Because we’re a messy civilization. We make big steaming piles of crap and dump them across the four corners of the earth. And its gross. And its toxic. And its generally bad for the long term health of ourselves and our progeny.

    Don’t expect the environmental movement to be “satisfied” in your lifetime. So long as we have smog days and fish kills and endangered species and shrinking rain forests we’ll have people fighting to clean the air, save the water, preserve the world’s ecological diversity, and maintain the last refuges of nature. I’m not sure what to say to those people who bitch and moan at the Green Movement. We – as a civilization – are so deep in the hole, we shouldn’t be surprised at how much work we need to do to climb out.

  32. #32 Carl Brannen
    November 12, 2008

    “Currently turning food into ethanol into electricity seems a bad idea.”

    The problem is that it “seems” a bad idea, on the face of it. In actual fact, the corn used by an ethanol plant is field corn and is not generally used for human consumption. Instead, it is fed to cattle. An ethanol plant converts the starch in that corn to alcohol but leaves the proteins, oils and fiber unchanged. And a substantial percentage of the starch is converted to “brewer’s yeast” which is also nutritious. The result, called “distiller’s grains”, is fed to cattle to replace the corn. As it turns out, cattle are not terribly compatible with starch and the whole thing is a very efficient way of modifying animal feed.

    What happened in the press is that the southern hemisphere had bad weather and couldn’t produce enough rice. This resulted in high rice prices and there were riots. Oil intrests saw this as an opportunity to attack ethanol (which accounts for almost all the renewable fuel manufactured world-wide) and funded greenies to say bad things about ethanol.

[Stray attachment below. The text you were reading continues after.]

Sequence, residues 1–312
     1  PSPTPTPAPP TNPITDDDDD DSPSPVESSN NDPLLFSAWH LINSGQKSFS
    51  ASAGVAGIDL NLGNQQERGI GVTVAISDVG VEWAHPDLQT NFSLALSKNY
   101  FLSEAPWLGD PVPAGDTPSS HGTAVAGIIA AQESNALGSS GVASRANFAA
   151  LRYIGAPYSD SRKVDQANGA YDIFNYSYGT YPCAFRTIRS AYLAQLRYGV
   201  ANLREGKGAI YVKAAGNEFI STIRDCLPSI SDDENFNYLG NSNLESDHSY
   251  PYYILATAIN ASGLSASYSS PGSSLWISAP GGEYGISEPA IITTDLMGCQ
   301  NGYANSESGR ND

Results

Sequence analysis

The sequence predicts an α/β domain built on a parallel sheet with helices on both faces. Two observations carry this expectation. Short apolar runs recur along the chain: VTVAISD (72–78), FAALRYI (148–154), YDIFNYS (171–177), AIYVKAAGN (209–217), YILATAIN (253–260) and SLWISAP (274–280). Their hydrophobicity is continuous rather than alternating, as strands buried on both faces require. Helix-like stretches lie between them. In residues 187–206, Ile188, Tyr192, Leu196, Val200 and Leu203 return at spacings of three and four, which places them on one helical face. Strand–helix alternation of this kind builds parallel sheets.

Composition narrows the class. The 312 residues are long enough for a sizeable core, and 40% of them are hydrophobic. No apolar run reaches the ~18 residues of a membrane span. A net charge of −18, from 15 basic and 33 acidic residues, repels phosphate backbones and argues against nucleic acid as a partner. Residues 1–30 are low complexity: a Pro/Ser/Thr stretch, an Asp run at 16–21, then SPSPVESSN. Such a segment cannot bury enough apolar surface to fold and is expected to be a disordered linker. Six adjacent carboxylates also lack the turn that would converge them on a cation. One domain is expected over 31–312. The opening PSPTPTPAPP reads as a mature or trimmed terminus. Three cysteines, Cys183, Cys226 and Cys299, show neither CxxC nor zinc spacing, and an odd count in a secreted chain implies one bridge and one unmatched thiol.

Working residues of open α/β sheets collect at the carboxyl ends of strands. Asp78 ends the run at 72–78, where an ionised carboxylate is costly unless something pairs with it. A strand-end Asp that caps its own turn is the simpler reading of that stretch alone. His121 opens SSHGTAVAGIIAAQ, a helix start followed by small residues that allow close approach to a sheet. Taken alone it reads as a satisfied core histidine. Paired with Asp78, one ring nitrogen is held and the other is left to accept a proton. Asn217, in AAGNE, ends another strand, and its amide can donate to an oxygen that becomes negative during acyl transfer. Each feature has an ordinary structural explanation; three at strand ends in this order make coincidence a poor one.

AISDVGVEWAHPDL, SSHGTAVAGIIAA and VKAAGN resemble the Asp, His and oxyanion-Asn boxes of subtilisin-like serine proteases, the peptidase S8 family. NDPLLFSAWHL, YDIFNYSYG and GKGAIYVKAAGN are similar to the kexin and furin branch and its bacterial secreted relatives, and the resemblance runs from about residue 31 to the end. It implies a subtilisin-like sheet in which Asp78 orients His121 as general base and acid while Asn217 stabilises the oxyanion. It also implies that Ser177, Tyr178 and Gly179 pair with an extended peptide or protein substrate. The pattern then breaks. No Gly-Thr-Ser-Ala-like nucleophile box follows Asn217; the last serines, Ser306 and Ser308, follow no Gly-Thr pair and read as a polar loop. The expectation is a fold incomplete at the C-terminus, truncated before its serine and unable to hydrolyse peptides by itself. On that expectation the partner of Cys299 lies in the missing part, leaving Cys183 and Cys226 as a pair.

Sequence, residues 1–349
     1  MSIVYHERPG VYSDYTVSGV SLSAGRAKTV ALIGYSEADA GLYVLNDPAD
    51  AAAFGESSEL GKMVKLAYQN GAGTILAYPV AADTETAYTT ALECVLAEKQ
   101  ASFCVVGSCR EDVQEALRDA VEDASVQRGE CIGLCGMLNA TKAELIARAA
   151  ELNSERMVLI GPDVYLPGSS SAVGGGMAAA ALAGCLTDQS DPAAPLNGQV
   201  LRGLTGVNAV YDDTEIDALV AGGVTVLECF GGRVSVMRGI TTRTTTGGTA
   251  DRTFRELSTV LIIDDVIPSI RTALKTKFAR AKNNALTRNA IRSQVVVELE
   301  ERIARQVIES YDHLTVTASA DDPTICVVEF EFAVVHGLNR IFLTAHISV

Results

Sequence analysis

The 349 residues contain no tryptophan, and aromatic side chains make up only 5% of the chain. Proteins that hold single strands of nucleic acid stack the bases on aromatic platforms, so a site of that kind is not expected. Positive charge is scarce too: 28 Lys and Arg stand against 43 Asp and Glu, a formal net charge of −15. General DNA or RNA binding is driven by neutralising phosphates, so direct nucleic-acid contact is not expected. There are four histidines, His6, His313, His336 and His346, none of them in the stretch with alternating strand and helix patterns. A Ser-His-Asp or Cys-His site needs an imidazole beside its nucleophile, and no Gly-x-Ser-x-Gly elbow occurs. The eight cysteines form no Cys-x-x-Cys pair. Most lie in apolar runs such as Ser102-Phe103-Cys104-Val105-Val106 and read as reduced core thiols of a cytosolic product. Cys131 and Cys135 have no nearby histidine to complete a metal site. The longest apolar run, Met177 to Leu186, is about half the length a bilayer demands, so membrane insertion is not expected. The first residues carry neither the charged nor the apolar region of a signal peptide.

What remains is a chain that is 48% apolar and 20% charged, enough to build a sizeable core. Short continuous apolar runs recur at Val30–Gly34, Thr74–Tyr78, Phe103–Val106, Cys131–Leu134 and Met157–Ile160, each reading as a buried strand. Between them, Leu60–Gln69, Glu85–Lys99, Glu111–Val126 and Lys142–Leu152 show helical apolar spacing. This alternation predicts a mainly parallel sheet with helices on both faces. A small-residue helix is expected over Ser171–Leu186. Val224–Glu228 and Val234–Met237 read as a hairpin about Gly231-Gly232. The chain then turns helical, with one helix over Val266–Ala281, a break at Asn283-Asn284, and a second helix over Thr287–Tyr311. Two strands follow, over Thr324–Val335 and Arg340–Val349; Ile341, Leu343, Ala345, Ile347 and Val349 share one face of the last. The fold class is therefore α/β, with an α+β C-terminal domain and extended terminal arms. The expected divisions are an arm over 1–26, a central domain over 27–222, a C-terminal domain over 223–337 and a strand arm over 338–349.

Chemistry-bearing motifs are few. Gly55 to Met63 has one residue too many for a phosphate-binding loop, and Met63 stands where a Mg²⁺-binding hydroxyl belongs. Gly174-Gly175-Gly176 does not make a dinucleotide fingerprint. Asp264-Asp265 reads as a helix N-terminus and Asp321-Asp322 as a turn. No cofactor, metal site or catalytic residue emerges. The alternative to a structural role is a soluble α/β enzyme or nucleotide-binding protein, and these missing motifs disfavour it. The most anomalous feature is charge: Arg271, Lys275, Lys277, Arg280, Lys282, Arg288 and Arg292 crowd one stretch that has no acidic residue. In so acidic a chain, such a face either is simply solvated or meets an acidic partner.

Deep greenies are against “factory farming” which is where corn (and most of the world’s diet) comes from. They see the ethanol issue as one of land use. They would rather see the land left fallow than used to make corn. The greenies have no love of poor people and widely expect them to die off from starvation. They regularly talk about depopulation being a wonderful thing. They scare me far more than Al Qaeda.

  33. #33 spudbeach
    November 12, 2008


    I don’t buy it. The one resource the third world has is people. People make great workers at factories, assembling all the junk we use. But it’s kind of hard to have factories without electricity, of the kind that micro-hydro, rooftop solar, etc. can provide.

    But even beyond factories, what about cities and small towns? The demand for electricity from the people who have enough money to pay for it is there, but the kind of decentralized diesel generators that serve extremely local areas just doesn’t cut it. By cost, safety, green concerns, whatever, micro-power / appropriate technologies just don’t / won’t work.

    Case in point: Galena Alaska, where they pay (in 2005) 28 cents per kWh, generated entirely from diesel fuel. Kind of hard to use hydro or solar that close to the arctic circle. What about other towns in Canada? Heck, what about Juneau Alaska, that had a power shortage last winter when they lost a power line? And, let us not forget Kyrgyzstan, in which people in the cities literally froze to death in their homes and apartments last winter (and with reports of only 12 hours of electricity already this year, they’ll likely freeze again this year).

    The point is, we can’t afford to be picky about our power. There are people out there suffering more than wet hair. We need power, we need it now, and we need more power, sooner, and more reliably than we can get with anything other than nuclear.

  34. #34 MikeB
    November 12, 2008

    #33 – ‘we can’t afford to be picky about our power’. True. But we do have to be realistic. The economics of these units is yet to be proven, and will have limited appeal in countries where the cost of transmitting power will simply be too expensive for local consumers. It is the case that Kyrgyzstan will be short of power (partially due to the limits of their hydro-power), and both they and Juneau may benefit from these units, but they are not a universal panacea.